Investing through a truly self-directed IRA account can allow you numerous advantages – starting with a tremendous amount of diversity with regard to the assets you can buy and sell, which in turn, can ultimately provide you with a nice return.
While it may seem that getting a self-directed IRA account open and funded is somewhat overwhelming, the reality is that if you just follow the steps that are provided in this guide, you can have your account up and running quickly, while also making sure that you stay on track with the related IRS rules and regulations.
Any successful endeavor can be made easier by having a system to follow. Setting up and managing a self-directed IRA account is no different. Below is a checklist that can help you in proceeding through the steps that are required for initially getting your account open and funded, as well as with other actions that are needed both as you get started, as well as for successfully progressing with your self-directed IRA investing.
It is important to keep in mind that there are experts available in the market place who can assist you throughout the process of setting up, funding, and investing in your self-directed IRA account. So, if you have any additional questions, be sure to contact these individuals or companies in order to ensure you are heading in the right direction.
- Become familiar with the IRS rules that are in place for self-directed IRA account ownership and investing.
- Research several custodians, and choose one to work with for opening and investing in your self-directed IRA account. If you decide to specialize in real estate investing (or any other specific asset) in your self-directed account, it can be helpful if you work with a custodian that also has expertise in that particular area.
- Choose which type of self-directed IRA account you will open – traditional or Roth. With a traditional IRA, you may be able to deduct some or all of your contributions, and your funds inside of the account will grow tax-deferred. You will pay tax on your traditional IRA withdrawals. With a Roth IRA, your contributions will go into the account after-tax, however, the funds in the account can grow tax-free, and your withdrawals in the future will also be tax-free.
- Select the members of your self-directed IRA advisory team. In addition to a custodian, you will also want to have on board with you an accountant or CPA, an attorney, and, if you are planning to invest in property, a real estate agent or broker. It is important to make sure that each of your proposed team members has experience in, and knowledge of, self-directed IRA investing.
- Open your self-directed IRA account. Typically, this will require filling out and submitting the appropriate paperwork to your IRA custodian.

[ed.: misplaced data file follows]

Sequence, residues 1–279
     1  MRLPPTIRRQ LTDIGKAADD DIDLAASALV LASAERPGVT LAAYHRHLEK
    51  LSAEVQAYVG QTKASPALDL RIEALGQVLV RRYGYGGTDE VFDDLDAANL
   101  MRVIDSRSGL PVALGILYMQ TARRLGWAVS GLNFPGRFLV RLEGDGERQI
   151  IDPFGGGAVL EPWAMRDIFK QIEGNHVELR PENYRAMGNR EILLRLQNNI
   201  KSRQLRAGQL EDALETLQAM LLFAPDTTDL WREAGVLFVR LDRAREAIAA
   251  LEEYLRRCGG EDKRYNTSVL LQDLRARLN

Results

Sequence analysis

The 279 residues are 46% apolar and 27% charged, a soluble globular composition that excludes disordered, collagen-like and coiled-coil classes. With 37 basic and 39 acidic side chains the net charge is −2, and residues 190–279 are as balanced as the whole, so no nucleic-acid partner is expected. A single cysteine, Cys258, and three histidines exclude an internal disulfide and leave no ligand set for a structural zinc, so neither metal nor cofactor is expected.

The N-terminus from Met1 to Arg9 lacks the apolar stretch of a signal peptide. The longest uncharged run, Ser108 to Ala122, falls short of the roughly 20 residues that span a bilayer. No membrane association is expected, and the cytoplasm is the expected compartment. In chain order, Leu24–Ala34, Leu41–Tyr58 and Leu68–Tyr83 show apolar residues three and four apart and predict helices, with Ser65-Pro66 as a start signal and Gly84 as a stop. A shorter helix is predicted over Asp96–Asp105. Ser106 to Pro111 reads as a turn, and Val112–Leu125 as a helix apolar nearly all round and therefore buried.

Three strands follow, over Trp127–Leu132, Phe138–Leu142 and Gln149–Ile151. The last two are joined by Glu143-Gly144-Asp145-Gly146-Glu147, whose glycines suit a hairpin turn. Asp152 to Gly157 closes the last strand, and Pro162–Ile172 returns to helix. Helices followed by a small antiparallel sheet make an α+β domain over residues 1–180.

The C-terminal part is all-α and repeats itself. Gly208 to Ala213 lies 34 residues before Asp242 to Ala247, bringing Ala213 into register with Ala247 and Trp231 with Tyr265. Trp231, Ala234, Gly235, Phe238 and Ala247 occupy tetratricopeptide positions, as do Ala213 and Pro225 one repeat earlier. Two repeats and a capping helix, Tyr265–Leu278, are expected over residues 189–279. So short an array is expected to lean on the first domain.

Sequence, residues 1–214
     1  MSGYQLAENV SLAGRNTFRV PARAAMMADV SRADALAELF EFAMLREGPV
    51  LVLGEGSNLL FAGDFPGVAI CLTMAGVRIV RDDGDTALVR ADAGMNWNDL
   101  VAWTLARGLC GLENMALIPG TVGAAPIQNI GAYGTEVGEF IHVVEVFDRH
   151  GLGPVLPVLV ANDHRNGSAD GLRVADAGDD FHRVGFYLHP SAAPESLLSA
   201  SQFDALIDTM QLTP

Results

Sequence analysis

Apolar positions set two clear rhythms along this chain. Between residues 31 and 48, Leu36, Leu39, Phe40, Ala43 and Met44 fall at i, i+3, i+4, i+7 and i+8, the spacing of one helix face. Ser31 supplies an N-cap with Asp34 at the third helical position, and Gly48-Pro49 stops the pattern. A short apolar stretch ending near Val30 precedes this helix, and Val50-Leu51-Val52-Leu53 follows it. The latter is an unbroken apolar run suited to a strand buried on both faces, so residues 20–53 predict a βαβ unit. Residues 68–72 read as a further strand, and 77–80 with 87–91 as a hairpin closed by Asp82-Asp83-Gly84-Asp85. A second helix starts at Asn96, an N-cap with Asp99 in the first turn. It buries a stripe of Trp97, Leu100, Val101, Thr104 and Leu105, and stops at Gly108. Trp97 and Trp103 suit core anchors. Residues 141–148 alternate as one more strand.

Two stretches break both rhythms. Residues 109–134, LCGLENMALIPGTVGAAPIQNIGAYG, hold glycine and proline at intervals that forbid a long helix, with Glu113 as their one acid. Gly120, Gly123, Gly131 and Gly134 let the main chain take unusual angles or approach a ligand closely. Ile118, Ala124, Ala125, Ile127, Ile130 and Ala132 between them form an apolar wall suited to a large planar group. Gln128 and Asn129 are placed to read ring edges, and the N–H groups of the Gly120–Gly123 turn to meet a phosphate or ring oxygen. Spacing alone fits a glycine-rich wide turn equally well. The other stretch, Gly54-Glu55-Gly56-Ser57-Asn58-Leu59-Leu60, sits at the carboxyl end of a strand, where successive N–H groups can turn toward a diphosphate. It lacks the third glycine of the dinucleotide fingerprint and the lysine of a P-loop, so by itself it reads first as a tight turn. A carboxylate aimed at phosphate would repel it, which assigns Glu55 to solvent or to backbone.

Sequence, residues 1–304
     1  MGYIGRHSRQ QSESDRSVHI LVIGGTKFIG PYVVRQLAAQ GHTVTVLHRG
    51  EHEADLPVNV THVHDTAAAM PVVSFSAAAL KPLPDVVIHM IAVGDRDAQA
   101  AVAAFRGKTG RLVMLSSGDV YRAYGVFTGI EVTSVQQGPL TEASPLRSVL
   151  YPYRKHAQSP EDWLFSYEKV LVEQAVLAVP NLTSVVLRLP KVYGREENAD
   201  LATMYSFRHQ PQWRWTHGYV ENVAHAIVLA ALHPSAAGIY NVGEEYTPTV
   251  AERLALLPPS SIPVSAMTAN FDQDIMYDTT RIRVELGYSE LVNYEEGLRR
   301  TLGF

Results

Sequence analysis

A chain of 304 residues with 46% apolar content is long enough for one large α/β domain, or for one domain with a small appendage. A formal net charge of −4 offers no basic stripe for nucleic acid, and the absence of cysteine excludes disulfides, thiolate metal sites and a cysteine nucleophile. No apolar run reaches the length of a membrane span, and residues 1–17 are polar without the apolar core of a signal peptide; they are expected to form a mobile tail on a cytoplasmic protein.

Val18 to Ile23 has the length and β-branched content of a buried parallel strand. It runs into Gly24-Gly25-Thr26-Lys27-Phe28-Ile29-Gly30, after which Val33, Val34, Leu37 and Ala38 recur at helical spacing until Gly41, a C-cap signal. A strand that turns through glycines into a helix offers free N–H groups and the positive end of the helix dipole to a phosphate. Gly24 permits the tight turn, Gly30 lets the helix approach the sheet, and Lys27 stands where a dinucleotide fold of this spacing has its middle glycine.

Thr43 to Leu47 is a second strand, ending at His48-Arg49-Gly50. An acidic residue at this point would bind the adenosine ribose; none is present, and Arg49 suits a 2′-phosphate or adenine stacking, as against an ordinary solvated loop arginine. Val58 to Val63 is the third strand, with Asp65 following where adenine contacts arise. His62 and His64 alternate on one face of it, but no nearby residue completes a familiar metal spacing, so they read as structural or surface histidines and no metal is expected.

- Fund your new self-directed IRA account. There are several ways that you can go about this, including making direct cash deposits (up to the maximum annual limit). You can also transfer funds from an existing IRA account, and / or roll money over from a previous employer-sponsored retirement account, such as a 401(k) plan. If you are transferring or rolling money over into your new account, there is no maximum dollar limit that can be brought into your new self-directed account.
- If you are going with the IRA LLC concept, complete the necessary paperwork to form the LLC.
- With an IRA LLC, you will also need to open a checking account in
the name of your IRA account. This will give you “checkbook control”, which can allow you to act more quickly on investments that you want to purchase for your IRA account.
- If you plan to invest in real estate, begin to research potential properties – and when you have found viable options, move forward with making an offer on the property.
- As you make investments through your self-directed IRA account, be sure to keep in mind what constitutes a prohibited transaction, as well as who (or what type of entity) is considered to be a disqualified person.
- Once you own self-directed IRA assets in your account, make sure that all funds coming in from that investment (such as rental income from a tenant) flow back into the account. Likewise, any expenses that are related to these investments (such as property maintenance) must come from the IRA account as well.
- Be sure to stay up-to-date on self-directed IRA rules over time. A good resource for doing so is the website of the Internal Revenue Service, which can be found at www.IRA.gov.
In addition to the diversification and tax-advantages that self-directed IRA account investing can provide, going this route can also put you in control of the assets you invest in – and ultimately in your future financial freedom.
Opening a self-directed IRA account may sound overwhelming at first. However, by following a step-by-stem system, the process can be done much more quickly and easily. It can also help you to ensure that you are headed in the right direction as far as various rules and regulations are concerned.
List some of the important points with regard to staying within the rules of self-directed IRA investing.
- Not investing in prohibited transactions
- Not including disqualified persons in your IRA transactions
- Not depositing more than the annual maximum amount that is allowed in an IRA
- Putting a self-directed IRA advisory team in place – which includes an accountant / CPA and an attorney
- Ensuring that all money that is related to your self-directed IRA investments flows directly in and out of the IRA account
- Regularly reviewing the information with regard to self-directed IRA accounts that can be found on the IRS website